Wednesday, January 23, 2013

Zabbix: Monitor customized applications by SNMP and JSON Low-level discovery

Low-level discovery (LLD) is an amazing feature in Zabbix, once you have defined the template you can start to monitor hundreds of hosts in few minutes by importing hosts definition in XML file.
Low-level discovery is used to discover dynamic items, for example, you can’t monitor disk space usage of a volume by static binding, because the index number of the volume is dynamic.
The customized application in this example, is a shell script to check database and web service, it outputs to stdout, which follows “key=value” format and it contains with string and numeric values.
db-status= [OK]
web-status=[OK]: http-code: 200

The goal is to create monitoring entry and trigger for each item automatically

Execute the script by SNMP

Net-snmp allows you to execute any arbitrary command by “exec” parameter. Edit /etc/snmp/snmpd.conf and map OID to the script. exec . testscript1 /usr/local/bin/ The lines of output are in MIBIOD.101.x ( ., which can be retrieved by snmpwalk on .

What is Low Level discovery?

Discovery of SNMP OIDs

It is possible to automatically add the script by SNMP OID LLD, but it has drawbacks: once LLD is completed, the 4 lines of output will be added as 4 items, each value of item is retrieved by snmpget, which means the script will be executed 4 times.

Discovery item JSON format

Zabbix also supports LLD by parsing output in JSON format. This method can overcome the drawbacks of SNMP OID LLD, the idea is to run an external script to do snmpwalk on the OID then save outputs to a text file on local server, the other script retrieve value of each item by simply reading the text file. This script will be still executed 4 times, but it is executed locally and doesn’t do remote connections.

There are two scripts to execute snmpwalk for different output values, one for string and the other for numeric. If you don’t need to do graphing of the numeric value, one script is enough.


#retrieve string values with “-s” and output in JSON format
#The macro name KEY/VALUE is arbitrary
[root@zabbix:externalscripts]# ./  -s server1
  "{#VALUE}":" [OK]
  "{#VALUE}":"[OK]: http-code: 200

#Item prototype details for scripts-getstringoutput


Column “Name” is _{#KEY}, {#KEY} is macro in JSON output, _ is just simply prefixed to make it a valid name. Column “Key” (actually, it is value) is retrieved by

[root@zabbix:externalscripts]#./ -s server1 web-status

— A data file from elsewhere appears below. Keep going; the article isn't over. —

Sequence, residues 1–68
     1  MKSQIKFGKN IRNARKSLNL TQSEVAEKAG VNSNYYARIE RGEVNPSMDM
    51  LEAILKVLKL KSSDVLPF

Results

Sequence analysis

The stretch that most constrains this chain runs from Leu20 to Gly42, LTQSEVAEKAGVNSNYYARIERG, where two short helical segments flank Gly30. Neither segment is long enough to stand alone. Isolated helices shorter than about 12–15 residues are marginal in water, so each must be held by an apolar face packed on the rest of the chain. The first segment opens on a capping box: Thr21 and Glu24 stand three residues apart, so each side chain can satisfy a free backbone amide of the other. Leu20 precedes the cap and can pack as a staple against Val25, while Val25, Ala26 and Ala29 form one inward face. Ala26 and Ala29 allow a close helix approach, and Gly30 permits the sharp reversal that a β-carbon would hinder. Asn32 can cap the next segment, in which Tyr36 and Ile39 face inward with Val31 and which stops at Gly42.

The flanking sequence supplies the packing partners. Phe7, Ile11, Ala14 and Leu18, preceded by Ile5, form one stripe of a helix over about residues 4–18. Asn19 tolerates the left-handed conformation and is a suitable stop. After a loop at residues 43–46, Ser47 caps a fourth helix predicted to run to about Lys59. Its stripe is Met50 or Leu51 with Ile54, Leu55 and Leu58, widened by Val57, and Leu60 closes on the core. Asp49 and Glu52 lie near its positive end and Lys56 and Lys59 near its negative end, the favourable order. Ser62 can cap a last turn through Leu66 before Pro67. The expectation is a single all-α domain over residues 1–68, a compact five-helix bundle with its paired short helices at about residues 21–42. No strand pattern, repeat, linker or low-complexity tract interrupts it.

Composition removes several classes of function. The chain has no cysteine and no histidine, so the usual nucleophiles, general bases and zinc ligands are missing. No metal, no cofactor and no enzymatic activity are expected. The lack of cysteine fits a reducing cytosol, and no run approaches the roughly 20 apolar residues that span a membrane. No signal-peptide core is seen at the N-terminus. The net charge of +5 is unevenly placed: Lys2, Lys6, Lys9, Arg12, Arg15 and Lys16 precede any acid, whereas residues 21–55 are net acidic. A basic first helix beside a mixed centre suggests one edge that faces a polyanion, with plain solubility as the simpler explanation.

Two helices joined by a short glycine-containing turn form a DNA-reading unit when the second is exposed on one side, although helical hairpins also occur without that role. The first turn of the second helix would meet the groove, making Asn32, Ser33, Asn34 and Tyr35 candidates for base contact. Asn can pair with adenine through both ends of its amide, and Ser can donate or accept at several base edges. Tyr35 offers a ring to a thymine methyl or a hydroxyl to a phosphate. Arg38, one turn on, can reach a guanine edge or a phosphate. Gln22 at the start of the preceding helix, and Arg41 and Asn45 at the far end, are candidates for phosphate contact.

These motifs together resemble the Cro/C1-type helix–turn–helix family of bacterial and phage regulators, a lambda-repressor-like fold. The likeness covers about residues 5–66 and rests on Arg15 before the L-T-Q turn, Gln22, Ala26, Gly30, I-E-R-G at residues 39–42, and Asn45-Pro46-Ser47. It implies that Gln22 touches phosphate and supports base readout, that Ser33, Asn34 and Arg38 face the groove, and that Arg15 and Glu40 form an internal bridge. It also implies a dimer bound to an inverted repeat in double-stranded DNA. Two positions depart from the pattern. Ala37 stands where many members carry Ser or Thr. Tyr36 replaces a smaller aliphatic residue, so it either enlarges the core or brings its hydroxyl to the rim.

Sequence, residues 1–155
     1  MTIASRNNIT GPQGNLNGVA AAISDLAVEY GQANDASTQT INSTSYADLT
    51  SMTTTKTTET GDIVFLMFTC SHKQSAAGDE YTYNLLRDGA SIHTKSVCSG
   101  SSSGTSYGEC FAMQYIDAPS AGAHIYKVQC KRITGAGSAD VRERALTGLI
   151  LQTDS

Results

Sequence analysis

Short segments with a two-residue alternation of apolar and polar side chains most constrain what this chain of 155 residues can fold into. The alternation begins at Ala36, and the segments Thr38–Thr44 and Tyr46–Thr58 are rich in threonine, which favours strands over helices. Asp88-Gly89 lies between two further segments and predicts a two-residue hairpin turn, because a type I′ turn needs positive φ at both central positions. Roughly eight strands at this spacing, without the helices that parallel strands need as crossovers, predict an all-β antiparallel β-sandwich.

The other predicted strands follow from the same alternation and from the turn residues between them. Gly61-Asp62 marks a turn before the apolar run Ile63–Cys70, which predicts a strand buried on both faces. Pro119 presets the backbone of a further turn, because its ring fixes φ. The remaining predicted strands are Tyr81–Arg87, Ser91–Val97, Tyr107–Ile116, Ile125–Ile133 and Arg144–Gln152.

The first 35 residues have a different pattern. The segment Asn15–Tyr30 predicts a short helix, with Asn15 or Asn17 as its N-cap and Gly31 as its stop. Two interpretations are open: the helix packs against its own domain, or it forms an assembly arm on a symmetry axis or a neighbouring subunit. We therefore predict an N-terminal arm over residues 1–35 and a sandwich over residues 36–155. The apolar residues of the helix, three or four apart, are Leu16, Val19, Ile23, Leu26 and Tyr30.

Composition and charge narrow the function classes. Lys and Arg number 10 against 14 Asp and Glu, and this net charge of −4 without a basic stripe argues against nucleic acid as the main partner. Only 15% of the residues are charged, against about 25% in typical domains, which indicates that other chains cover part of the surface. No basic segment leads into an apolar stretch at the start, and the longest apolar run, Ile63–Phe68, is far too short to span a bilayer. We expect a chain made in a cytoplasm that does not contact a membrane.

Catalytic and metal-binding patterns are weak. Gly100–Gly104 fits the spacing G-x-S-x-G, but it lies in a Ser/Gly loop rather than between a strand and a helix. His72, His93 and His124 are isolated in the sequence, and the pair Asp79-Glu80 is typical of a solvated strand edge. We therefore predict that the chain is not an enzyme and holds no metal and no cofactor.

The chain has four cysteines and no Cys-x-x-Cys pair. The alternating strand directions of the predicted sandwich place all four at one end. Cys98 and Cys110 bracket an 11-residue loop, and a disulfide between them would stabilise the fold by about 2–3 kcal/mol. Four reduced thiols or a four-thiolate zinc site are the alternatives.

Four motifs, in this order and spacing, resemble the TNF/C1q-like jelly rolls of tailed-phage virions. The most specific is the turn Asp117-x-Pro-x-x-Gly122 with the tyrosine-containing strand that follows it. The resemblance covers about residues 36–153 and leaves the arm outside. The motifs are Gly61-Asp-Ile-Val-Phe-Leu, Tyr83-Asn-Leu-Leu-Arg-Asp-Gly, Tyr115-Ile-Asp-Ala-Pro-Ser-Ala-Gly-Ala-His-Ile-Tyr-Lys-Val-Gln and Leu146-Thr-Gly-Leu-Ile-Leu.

[OK]: http-code: 200

Just link the template to a host, the keys and values of the items will be discovered automatically.


LLD is such an amazing feature, even there are hundreds of items, they can be automatically discovered in few minutes.

Some tips in Zabbix implementation:

1) Define global macro for SNMP community string in administration->General->Macros, the macro can also be defined in template or host level.

2) Items  won’t be updated  straightaway after being added, it has to wait for next update specified in update interval

3) Define regular expressions in administration->General->Expressions

For example there are some virtual interfaces you want to exclude create regular expression called

“Real Adapters” with expression: (^lo$|^Microsoft|^RAS|^WAN|-0000$|^Teredo Tunneling|^Software Loopback|^sit)

And refer to the macro by @Real Adapters in the default “Template SNMP Interfaces”


The script:

#!/usr/bin/perl -w
use warnings;
use FileHandle;
###---------- main ----------------------
my ($cdir)=$0=~m|(.*)/|;
my $type=$ARGV[0];
my $host=$ARGV[1];
my $oid='200.101';
my $fname="${cdir}/logs/${host}";
my $afname="${fname}a.out";  $ifname="${fname}i.out";  $sfname="${fname}s.out"; 
my $timegap=120;
if ( ! defined $host ) {
 print "hostname is required\n Usage: $0 [-i|-s] hostname \n";
 exit 1;
my $mtime = (stat($afname))[9];
my $ctime=time;
#no need to do snmpwalk, if the file is recent 
if ( ( ($ctime - $mtime) > $timegap ) or (! defined $mtime ) ) {
 @output=&snmprun ("$host", "$oid");
 map (s/^STRING: "//,@output);
 map (s/\"$//,@output);
 #all values
 open(OUTFILE, ">$afname") or die "Can't write to $fname: $!";
 print OUTFILE @output;
 close (OUTFILE);
#numberic values
 open(OUTFILE, ">$ifname") or die "Can't write to $fname: $!";
 print OUTFILE grep(/.*=\s*\d+\.*\d+$/, @output);
 close (OUTFILE);
#string values
 open(OUTFILE, ">$sfname") or die "Can't write to $fname: $!";
 print OUTFILE grep(/.*=.*[a-zA-Z]/, @output); 
 close (OUTFILE);
&printjson ( "${fname}${type}.out" );
sub snmprun {
  my $host=$_[0];
  my $oid=$_[1];
  $snmpwalk='/usr/bin/snmpwalk -v 2c -O v -c public';
  @rt0=`$snmpwalk $host $fulloid 2>&1`;
  return @rt0;
#Read a file and print out in JSON format
sub printjson { 
$first = 1;
open (INFILE,"$_[0]") or die "Can't open $_[0] $!"; 
print "{\n";
print "\t\"data\":[\n\n";
while (<INFILE>)
    ($key, $value) = split (/=/,$_,2);
    print "\t,\n" if not $first;
    $first = 0;
    print "\t{\n";
    print "\t\t\"{#KEY}\":\"$key\",\n";
    print "\t\t\"{#VALUE}\":\"$value\"\n";
    print "\t}\n";
print "\n\t]\n";
print "}\n";

The script:

#!/usr/bin/perl -w
use warnings;
use FileHandle;
my $type=$ARGV[0];
my $host=$ARGV[1];
my $key=$ARGV[2];
my ($cdir)=$0=~m|(.*)/|;
my $timegap=600;
if ( $#ARGV != 2 )  {
 print "\nUsage: [-i|-s} hostname key \n";
 exit 1;
open(INFILE, "<$fname") or die "Can't open $fname: $!";
my $mtime = (stat($fname))[9];
my $ctime=time;
if ( ($ctime-$mtime) > $timegap ) {
  print "$key=<CRITICAL>: $fname hasn't been updated for > $timegap seconds, the outdated value will not be retrieved\n";
  exit 1
@line1=grep(/$key=/, @lines);
#print "@line1\n";
if ( ! defined ( @line1 )) {
 print "key $key is not found in $fname\n";
 exit 1
print "$value \n";


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